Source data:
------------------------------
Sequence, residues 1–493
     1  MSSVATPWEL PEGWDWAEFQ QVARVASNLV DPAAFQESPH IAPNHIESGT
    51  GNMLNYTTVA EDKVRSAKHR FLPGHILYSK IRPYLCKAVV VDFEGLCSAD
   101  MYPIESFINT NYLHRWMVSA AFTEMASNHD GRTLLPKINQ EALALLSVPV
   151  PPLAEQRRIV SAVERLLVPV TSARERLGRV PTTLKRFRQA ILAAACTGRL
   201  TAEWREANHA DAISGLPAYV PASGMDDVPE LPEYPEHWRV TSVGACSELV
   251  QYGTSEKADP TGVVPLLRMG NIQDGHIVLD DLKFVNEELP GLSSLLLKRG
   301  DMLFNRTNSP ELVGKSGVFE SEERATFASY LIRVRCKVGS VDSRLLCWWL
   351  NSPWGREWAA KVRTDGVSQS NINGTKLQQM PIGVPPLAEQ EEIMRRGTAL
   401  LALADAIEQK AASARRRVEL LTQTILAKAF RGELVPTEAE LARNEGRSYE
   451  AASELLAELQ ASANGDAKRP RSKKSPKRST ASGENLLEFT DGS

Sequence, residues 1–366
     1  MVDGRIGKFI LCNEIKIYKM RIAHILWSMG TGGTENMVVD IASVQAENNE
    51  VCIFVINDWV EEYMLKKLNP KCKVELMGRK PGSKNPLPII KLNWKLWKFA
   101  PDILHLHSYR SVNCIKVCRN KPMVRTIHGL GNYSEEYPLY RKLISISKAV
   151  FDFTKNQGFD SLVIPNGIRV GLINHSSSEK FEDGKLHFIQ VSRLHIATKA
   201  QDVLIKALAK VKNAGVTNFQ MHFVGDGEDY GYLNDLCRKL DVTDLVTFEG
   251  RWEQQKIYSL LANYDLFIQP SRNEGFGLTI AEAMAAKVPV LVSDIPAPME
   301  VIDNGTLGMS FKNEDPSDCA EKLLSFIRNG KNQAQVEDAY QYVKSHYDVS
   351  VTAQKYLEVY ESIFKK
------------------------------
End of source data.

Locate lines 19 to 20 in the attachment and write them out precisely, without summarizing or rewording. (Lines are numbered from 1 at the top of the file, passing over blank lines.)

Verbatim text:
   301  VIDNGTLGMS FKNEDPSDCA EKLLSFIRNG KNQAQVEDAY QYVKSHYDVS
   351  VTAQKYLEVY ESIFKK